6 Gen Z traits you need to know to attract, hire and retain them
For talent and HR professionals, Millennials have been the hot-button topic of discussion for a long time. But as that generation inches closer to middle age (the oldest Millennials are already in their late 30s), Generation Z (aka Gen Z) has quickly replaced them under the microscope.
Born roughly between 1995 and 2015, Gen Z accounts for 32% of the global population in 2019. By 2020, they’ll make up 24% of the workforce. And as they start entering the workforce in large numbers, it’s vital to know how to hire them effectively.
To help you develop your playbook for hiring Gen Z, here’s everything you need to know about who they are and what they want from a job — plus what they can bring to your company.
Gen Z is tech-savvy
It’s no surprise that as a whole, Gen Z is more tech savvy than any other generation. After all, they’re digital natives, so they feel perfectly comfortable using the internet as a tool for work, research, and connecting with others. They grew up learning online etiquette in the same way that previous generations learned table manners. In fact, a recent survey of 12,000 Gen Z teens revealed that 91% say the technology offered by an employer would influence their job choice if faced with similar employment offers.
Gen Z is risk-averse
Gen Z is significantly more risk-averse than previous generations, likely stemming from growing up during a period of economic uncertainty and unrest. The majority of Gen Zers entering the workforce today were children or teenagers at the height of the Great Recession of 2008. For many, this period of major economic decline affected their families on a deep and personal level, fundamentally impacting their worldview.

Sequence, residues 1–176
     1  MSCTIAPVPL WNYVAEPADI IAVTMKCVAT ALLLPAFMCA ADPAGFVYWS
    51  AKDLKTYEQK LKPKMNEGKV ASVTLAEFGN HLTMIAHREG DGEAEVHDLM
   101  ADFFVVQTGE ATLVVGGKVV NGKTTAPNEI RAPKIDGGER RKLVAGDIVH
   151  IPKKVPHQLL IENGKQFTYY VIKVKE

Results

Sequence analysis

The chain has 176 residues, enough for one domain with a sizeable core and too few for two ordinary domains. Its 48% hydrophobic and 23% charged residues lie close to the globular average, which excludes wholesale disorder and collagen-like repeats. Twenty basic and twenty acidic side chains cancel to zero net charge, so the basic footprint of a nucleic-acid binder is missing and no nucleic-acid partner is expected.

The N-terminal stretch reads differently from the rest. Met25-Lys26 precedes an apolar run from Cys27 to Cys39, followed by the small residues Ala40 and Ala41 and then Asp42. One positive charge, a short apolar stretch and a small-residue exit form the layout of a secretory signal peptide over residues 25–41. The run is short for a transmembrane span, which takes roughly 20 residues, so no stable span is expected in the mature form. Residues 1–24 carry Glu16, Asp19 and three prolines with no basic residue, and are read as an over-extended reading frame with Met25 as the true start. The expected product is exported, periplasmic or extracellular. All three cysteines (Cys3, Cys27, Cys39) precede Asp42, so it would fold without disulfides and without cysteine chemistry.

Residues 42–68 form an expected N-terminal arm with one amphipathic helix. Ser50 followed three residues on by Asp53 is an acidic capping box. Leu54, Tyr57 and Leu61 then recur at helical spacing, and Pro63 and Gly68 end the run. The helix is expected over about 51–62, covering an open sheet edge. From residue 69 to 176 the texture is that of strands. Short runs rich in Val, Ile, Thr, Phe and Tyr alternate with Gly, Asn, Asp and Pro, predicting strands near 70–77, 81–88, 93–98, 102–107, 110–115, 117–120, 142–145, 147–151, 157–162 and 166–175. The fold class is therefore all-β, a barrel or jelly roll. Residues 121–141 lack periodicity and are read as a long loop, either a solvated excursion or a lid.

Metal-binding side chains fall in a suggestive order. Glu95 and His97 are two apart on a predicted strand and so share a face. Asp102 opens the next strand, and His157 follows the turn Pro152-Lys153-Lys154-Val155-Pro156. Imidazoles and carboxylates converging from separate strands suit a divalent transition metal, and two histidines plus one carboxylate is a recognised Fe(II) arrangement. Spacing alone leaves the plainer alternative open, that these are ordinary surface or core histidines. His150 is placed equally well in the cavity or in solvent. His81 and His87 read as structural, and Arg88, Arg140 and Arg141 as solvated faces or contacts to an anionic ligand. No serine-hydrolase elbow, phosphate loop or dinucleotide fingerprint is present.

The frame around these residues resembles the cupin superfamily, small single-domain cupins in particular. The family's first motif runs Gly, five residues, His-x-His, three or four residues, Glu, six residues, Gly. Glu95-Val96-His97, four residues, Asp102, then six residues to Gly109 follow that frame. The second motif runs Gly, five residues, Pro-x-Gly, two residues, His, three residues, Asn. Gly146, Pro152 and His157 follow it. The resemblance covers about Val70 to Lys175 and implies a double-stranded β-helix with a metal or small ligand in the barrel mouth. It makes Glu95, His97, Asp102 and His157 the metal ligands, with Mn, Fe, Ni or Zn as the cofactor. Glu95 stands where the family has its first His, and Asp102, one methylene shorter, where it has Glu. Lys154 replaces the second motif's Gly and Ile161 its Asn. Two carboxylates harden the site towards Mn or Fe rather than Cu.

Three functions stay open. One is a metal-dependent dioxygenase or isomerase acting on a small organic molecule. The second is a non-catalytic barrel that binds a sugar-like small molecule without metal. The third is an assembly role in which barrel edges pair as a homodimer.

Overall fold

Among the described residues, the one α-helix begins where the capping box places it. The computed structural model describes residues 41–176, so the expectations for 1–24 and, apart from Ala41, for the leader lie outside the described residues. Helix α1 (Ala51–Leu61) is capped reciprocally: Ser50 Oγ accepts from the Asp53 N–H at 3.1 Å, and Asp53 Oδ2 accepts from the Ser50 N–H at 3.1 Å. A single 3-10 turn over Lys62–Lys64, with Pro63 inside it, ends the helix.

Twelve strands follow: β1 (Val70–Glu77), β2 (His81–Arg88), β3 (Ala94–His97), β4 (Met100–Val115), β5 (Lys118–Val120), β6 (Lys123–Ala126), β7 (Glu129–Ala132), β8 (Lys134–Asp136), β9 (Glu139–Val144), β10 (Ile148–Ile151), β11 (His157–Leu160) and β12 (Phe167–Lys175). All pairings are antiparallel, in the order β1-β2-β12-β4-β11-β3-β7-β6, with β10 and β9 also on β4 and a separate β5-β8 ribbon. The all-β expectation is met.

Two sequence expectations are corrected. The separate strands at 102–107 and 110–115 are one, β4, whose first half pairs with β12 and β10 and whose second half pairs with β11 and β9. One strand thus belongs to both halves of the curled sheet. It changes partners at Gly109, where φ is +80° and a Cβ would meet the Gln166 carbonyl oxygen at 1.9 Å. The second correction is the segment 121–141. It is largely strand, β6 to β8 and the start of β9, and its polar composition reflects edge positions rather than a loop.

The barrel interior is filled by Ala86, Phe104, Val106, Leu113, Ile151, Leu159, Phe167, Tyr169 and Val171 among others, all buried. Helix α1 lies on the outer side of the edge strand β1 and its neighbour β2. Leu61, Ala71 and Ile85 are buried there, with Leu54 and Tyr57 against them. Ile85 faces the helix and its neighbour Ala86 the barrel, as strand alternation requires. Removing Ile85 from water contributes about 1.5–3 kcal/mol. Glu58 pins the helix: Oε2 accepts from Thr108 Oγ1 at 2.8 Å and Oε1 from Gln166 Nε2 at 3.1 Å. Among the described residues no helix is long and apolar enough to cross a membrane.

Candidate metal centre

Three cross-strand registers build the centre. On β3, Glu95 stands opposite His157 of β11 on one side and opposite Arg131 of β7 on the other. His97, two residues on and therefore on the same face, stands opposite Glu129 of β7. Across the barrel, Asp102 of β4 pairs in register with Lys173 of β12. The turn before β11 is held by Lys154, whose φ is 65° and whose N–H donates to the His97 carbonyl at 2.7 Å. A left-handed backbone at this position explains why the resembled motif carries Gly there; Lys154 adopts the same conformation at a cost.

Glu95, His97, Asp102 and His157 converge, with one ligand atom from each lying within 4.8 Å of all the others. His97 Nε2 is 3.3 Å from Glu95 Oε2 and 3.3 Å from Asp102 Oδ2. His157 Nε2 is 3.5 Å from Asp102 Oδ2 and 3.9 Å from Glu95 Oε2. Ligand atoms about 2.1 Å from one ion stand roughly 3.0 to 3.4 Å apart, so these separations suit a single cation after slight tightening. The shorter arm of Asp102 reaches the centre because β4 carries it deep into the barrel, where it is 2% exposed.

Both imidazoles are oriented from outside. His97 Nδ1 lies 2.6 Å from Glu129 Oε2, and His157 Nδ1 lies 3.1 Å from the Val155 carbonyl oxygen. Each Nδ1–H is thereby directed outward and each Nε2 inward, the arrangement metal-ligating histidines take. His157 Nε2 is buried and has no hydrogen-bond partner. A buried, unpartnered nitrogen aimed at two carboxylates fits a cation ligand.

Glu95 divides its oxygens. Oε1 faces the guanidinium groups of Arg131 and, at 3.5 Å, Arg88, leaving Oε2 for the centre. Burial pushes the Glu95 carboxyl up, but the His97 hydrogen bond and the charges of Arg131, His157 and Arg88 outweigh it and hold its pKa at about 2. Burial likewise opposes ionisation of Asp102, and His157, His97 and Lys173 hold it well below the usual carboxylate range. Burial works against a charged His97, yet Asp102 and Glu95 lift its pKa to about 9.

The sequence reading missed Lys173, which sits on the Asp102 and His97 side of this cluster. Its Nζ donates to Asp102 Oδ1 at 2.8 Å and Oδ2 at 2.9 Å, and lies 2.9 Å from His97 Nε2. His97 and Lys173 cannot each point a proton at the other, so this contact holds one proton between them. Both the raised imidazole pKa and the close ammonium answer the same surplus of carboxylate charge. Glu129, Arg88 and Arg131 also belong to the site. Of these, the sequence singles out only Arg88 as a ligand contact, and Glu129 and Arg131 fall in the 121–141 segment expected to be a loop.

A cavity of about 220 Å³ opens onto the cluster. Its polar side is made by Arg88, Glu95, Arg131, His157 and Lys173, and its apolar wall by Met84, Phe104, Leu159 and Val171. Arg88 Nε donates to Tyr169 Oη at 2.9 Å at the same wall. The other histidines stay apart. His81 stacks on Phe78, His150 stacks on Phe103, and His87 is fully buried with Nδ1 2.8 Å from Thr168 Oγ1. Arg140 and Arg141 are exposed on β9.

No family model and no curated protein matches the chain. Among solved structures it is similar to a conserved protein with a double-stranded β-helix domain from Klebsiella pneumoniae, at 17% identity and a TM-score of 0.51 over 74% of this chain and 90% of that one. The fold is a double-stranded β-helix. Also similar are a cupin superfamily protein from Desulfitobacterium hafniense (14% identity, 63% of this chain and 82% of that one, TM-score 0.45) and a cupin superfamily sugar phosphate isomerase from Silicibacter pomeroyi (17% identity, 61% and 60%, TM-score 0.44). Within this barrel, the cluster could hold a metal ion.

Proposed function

Gen Z is independent
Gen Z cares about autonomy and independence, and this mindset is reflected in the way they work. The internet has given them access to thousands of years of collective knowledge, and they’re much more accustomed to Googling things rather than asking for advice.
Gen Z is competitive
Gen Zers know what they want and are willing to work hard to get it. While the Millennial generation is extremely team-oriented, Gen Z relishes a little healthy competition — thanks in part, once again, to their experience growing up in a recession.
Gen Z is open-minded
Major societal changes throughout Gen Z’s formative years has also affected their disposition. As a general rule, this is a generation that’s known for being open-minded and deeply invested in diversity and inclusivity. For example, one study found that 70% of Gen Zers strongly believe that public spaces should provide gender neutral bathrooms, compared to 57% of Millennials.
Gen Z is focused on authenticity
Gen Z cares about ethical consumption, and they often avoid brands that are involved in scandals or that refuse to take a stand on important issues. They can sniff out lip service and publicity stunts a mile away — and they are vocal when brands come across as inauthentic.
It might feel like yesterday that Millennials were causing a stir in the job market. But Gen Z are hot on their heels, and the time to get ready for them is now.